The Critical Debates

With the unexpected “Clinton Bounce” from the Democratic convention, the good news is that there is no Clinton on the ballot, the merits of the case against Obama have not changed (probably improved with the demonstrated failure of “leading from behind”), Romney and his PACs  have plenty of money, and the debates offer a real opportunity to make the case to a large audience. So, what to look for?

Of the presidential debates on October 3 (Jim Lehrer of PBS; domestic), October 16 (Candy Crowley of CNN; domestic and international), and October 22 (Bob Schieffer of CBS; international) the first offers the best chance for Romney to make his case on the economy. The vice presidential debate on October 11 (Martha Raddatz of ABC; domestic and international) may show the greatest distinctions but will be less important. The presidential debate audience is projected to be some 50 million - more than twice that of the convention speeches.

Perhaps the first question is what are debates about – substance or imagery?  Much has been made over the years about the Nixon-Kennedy debates where the latter’s youthful optimism contrasted with Nixon’s somewhat bedraggled appearance, and Reagan’s good natured  “there you go again” response to a point made by Jimmy Carter. You can bet that the make-up experts in both camps will do well; if there is any risk it is that Romney will come in too tightly wound. Obama will be rehearsing with John Kerry (who has a history with Romney from Massachusetts) while Romney will be rehearsing with Rob Portman (who played that role with John McCain.) The staffs will be working overtime to find that one precious zinger.

On the substance, I’ve got to believe that Romney has the advantage if he doesn’t roll out his 59 point plan. He has the recent experience of the 20 Republican debates as well as earlier contests while running for the Senate and governor in Massachusetts. Obama had his experience in 2008 where he did adequately, but this is not his forte of speechifying and his refusal to hold press conferences for the past two years reflects a discomfort with hostile or follow-up questions.  This will be more facts, and less rhetoric with the fact checkers able to confront the fabricator.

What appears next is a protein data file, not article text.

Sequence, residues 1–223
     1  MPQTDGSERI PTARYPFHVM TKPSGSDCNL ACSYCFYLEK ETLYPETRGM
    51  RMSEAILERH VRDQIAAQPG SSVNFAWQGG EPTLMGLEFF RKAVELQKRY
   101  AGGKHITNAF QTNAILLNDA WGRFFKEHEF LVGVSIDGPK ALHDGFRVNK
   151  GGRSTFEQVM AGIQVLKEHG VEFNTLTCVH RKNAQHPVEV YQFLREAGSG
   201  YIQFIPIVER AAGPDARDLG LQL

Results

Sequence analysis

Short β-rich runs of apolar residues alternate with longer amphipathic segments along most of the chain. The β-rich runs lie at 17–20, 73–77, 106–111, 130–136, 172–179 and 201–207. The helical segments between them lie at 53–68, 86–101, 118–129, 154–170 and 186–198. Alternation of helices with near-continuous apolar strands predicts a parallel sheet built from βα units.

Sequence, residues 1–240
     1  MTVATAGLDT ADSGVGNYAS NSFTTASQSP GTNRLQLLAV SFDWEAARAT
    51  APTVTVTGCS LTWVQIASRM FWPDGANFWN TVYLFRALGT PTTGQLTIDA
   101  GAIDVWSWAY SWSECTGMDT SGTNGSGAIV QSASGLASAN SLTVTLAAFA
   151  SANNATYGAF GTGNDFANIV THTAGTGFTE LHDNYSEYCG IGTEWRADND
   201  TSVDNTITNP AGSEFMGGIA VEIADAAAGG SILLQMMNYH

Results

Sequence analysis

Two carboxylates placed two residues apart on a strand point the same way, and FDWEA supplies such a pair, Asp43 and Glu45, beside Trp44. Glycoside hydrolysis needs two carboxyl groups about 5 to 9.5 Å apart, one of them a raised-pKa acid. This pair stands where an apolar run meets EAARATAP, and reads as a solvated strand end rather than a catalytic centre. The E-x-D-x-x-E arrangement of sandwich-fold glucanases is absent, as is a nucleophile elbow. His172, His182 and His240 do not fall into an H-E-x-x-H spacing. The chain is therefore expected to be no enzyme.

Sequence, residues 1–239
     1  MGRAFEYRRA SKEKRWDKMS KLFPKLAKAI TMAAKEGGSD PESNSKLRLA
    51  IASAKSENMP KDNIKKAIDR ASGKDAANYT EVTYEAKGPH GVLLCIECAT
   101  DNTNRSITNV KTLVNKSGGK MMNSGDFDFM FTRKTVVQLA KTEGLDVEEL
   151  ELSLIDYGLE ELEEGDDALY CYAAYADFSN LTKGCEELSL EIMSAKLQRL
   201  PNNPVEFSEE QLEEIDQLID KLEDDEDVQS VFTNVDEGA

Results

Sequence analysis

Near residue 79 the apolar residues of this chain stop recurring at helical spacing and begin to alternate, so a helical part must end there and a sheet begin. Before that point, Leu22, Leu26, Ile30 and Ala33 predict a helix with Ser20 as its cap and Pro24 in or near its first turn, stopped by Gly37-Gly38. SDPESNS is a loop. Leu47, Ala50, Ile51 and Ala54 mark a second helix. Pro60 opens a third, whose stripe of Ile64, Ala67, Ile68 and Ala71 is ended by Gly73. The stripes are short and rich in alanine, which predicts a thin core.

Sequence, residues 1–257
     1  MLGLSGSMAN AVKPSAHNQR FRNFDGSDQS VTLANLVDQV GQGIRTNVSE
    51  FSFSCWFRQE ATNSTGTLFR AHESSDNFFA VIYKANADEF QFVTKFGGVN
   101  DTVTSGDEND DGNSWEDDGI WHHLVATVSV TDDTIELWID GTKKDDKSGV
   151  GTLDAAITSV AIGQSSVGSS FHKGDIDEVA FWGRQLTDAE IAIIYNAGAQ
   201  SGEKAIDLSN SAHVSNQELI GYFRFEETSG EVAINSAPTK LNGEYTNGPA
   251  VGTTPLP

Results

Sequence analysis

Romney is a smart guy with smart advisors who should be able to figure out what he needs focus on: the failure of Obama to do much to fix the economy in four years; the absence of any Democratic plans to make things different in a second term (goals, but no plans); the unending trillon dollar deficits which will crush our kids and our ability to provide leadership in a world which needs us. It would be good to call out Obama on his choice to not address the country’s major issues (as reflected in the absence of budgets), in favor of demagoguing  the Republicans who are willing to offer serious solutions for serious problems.  This is the time and the forum to test the hypothesis that the American people are looking for leadership to address our long term economic issues. There are a few areas where he will need to play defense – immigration for one – but he is the right of center guy running in a right of center country and the debates should be his to lose.


And this message from a friend in Washington.



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